Yes, those people do not know who Hussaini Mairiga is. I have been with President Buhari since 2002, when he veered into politics and I am still his supporter and follower. I will therefore not close my eyes and overlook his other side because he is the President of the nation. He is a human being like me and was given power by almighty Allah, and by tomorrow, Allah may bring him down. Any person who is an administrator that I follow, I must tell him whenever he goes wrong. Certainly I will not start criticising him after his tenure in office. I have to tell him the truth and I often call my friends in government on phone for them to advise the President on what Nigerians are actually facing. I also personally call on phone but they often refuse to respond to my numerous calls. The truth is that I was a member of the then All Nigeria Peoples Party (now defunct). Speaking from my experience, I observed that the party executives always hid the truth from Buhari because they wanted to get something from him. But as for me, I am not lobbying for any position from him and therefore, I have to tell him the truth, no matter how bitter it is, to enable him to right his wrongs.
Don’t you think criticising him now is premature since it is a new government that is trying to restructure?
What is the big deal about a new government? It’s indeed the tradition of any political party to make its mark from the first year and the second year in power, as the third and fourth years are for politicking and rigorous campaigning. As a result-oriented politician, the first and second years are enough to make headway, while the remaining two years are for politicking. Based on this reality, I have no alternative but to talk to Buhari and tell him the truth. Even if I am victimised for doing so, It is okay as long as I am fighting for the Nigerian masses. I would not mind stepping on toes as long as I am speaking the truth.
But is it fair for you to describe Buhari as a failure when he has not even spent two years out of his four-year tenure?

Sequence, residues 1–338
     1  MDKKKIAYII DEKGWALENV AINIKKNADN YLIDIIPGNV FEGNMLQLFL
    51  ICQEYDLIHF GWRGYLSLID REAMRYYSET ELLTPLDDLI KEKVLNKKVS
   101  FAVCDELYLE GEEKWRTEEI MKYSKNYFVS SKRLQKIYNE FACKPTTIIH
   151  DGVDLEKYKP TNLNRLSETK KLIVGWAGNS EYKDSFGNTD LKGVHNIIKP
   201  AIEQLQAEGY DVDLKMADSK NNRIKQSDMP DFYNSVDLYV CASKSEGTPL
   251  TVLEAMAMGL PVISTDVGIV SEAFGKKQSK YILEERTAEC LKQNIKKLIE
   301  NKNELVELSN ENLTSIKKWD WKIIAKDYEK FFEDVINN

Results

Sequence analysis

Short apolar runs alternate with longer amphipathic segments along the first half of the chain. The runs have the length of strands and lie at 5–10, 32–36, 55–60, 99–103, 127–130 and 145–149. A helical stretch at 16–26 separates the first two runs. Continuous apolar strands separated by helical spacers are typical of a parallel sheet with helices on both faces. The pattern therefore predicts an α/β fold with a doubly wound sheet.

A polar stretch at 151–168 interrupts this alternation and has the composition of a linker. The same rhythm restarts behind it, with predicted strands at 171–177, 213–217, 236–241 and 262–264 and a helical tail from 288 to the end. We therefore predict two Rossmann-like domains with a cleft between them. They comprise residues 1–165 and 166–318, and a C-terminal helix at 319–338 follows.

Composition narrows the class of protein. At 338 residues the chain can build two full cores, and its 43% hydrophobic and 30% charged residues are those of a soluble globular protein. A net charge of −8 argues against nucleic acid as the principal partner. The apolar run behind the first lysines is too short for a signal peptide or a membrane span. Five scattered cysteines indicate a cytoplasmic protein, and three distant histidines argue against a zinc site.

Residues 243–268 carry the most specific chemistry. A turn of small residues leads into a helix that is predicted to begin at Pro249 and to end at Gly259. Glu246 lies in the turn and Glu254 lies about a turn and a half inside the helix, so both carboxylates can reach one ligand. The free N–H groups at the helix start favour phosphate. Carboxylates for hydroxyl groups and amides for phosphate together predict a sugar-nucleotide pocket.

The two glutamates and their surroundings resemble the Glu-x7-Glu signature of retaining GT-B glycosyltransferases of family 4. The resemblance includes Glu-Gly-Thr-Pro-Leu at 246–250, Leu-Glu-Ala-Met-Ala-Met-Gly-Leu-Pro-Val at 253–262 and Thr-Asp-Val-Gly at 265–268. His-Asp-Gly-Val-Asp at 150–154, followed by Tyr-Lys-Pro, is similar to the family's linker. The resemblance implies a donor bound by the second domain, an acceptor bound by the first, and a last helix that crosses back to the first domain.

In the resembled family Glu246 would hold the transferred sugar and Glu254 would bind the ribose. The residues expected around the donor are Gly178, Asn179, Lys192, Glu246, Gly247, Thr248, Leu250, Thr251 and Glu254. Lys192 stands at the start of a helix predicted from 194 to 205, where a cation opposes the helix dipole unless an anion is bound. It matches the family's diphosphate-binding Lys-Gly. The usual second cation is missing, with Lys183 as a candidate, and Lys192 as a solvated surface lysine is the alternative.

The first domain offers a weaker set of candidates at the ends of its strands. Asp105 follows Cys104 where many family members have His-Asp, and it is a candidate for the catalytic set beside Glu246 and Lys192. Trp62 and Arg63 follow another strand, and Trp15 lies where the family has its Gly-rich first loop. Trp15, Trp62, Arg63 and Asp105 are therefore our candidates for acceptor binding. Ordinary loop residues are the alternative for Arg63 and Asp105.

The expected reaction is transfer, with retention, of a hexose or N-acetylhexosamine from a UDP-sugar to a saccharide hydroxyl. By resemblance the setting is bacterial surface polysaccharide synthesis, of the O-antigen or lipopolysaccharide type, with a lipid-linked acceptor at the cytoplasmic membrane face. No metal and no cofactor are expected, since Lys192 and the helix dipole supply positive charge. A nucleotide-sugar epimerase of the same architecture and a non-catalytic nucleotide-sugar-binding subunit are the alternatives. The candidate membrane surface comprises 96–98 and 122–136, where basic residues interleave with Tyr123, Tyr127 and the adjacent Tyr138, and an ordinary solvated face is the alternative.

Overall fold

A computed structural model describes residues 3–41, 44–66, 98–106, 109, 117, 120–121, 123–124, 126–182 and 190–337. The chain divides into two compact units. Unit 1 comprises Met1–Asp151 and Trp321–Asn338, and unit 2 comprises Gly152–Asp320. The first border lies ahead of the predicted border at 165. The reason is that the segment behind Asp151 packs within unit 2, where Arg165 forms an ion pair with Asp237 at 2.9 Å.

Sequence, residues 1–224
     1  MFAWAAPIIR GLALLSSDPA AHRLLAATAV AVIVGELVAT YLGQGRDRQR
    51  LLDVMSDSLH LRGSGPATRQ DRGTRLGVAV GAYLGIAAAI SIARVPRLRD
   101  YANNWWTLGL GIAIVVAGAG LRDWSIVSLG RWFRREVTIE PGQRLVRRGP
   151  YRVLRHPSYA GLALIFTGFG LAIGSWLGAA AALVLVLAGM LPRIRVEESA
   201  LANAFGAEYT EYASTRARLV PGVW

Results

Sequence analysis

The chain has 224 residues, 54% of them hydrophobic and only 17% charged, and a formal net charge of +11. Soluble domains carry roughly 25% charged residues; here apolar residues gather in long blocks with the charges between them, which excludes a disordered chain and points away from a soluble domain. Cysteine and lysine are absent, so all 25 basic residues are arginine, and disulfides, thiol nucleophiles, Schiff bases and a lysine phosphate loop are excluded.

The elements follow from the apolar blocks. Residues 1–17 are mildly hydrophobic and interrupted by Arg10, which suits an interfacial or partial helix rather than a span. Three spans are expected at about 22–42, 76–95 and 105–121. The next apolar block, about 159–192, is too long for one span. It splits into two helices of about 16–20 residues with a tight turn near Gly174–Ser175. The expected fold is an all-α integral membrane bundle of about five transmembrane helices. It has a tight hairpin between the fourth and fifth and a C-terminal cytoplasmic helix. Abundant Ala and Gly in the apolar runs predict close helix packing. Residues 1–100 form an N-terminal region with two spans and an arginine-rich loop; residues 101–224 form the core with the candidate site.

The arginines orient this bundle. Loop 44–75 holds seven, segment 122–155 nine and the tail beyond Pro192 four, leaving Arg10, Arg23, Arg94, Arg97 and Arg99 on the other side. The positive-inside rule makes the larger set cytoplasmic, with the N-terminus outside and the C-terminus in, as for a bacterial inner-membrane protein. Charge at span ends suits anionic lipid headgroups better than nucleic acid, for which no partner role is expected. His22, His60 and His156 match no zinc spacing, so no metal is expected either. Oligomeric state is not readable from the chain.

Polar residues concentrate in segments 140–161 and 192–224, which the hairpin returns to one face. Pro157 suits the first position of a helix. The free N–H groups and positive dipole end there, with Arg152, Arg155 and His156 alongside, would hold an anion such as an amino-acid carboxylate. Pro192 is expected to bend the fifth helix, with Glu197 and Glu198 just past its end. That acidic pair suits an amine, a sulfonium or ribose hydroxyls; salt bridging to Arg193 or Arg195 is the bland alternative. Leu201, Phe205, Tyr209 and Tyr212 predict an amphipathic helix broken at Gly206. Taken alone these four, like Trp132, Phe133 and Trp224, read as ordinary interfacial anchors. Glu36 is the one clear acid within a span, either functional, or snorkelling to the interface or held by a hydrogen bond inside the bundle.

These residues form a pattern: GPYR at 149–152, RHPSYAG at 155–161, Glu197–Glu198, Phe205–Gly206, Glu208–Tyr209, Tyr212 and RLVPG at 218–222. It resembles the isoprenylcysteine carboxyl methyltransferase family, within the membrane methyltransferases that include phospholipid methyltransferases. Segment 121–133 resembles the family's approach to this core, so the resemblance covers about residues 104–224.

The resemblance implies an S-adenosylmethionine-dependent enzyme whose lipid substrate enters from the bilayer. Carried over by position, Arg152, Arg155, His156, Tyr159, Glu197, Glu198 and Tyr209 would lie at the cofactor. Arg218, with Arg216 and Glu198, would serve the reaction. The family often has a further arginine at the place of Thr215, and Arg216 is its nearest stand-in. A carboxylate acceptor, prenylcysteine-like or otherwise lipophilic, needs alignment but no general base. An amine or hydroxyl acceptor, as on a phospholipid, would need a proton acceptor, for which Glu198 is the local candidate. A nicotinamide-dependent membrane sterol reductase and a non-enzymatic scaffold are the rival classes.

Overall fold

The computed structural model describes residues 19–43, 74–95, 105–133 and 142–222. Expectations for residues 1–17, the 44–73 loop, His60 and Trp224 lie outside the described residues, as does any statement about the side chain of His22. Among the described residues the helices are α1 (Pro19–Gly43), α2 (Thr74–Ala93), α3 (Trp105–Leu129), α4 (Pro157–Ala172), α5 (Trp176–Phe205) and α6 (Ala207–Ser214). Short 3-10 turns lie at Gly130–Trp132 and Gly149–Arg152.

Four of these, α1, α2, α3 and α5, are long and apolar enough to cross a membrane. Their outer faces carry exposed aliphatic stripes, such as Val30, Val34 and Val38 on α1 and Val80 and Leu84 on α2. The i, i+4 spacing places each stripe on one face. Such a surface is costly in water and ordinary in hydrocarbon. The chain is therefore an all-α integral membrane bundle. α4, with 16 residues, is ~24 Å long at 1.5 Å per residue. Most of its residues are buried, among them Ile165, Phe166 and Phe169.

What I am emphasising is that the Buhari-led administration is almost one and a half years old and it has about six months more to attain two years in office. My argument is that after two years in office, political campaigns will be flagged off. President Buhari therefore has barely six months to achieve something in order to take Nigeria to another level. I am worried by the situation and that is why I have to tell him the truth to enable him correct it. In essence, every politically-elected government to has two years to perform. After the first and second years in office, the third and fourth years are used by politicians to seek and clamour for juicy positions. At that time, politicians will hardly concentrate on governance.
Why have you been so hard on the President when you know that the price of oil, which is the mainstay of our economy, has reduced drastically?
During Muhammadu Buhari’s administration as Military Head of State between 1983 and 1985, the price of a barrel of crude oil was below what it is today. Despite the unattractive price of oil at that time, Buhari’s administration made substantial progress to move the country to another level of economic prosperity. What is also worrisome is the claim that a lot of money has been recovered from corrupt public officers and to date, nobody is aware of where the money is being channelled to? To this extent, the government’s inability to perform is inexcusable. The same government kept drumming into the ears of Nigerians that about N3tn has been saved with the Single Treasury Account. Also, the same government kept announcing that a lot of money has been recovered from people who stole from the government and all that. Therefore, the question is where has all the money been channelled to? Why is the government crying publicly that there is no money?
What about all the atrocities and other corrupt practices we hear were committed by the immediate-past government, shouldn’t the previous governments also be blamed for the mess Nigeria is experiencing today?
I am not blaming the previous administration and I must also point out that I am not a member of the Peoples Democratic Party. But let me tell you the truth, during the PDP government, it was only insurgency that was the most critical situation in Nigeria. Apart from security challenges, the masses were able to afford their needs. A 50kg bag of rice sold for between N7,000 and N8,000. The price of kerosene per gallon, at that time, sold for not more than N200. But currently, the price of kerosene sells for N1,200 per gallon. The same measure of garri that was sold for not more than N150 currently sells for N500. It’s good to face the truth. During the PDP administration, prices of essential goods and commodities did not hit the roof top as it is today. The bottom line is that the Buhari-led government has to urgently do something to alleviate the ongoing level of untold hardship and poverty in the country so as to bring relief to Nigerians who are currently in critical condition.
What is your assessment of the ongoing anti-graft war of the Buhari’s Government?
That is very good and I am giving him all my support. I am with him.
What do you make of the budget padding scandal, especially as a Film Village to cost about N3bn and to be sited in your state (Kano) was included in the budget?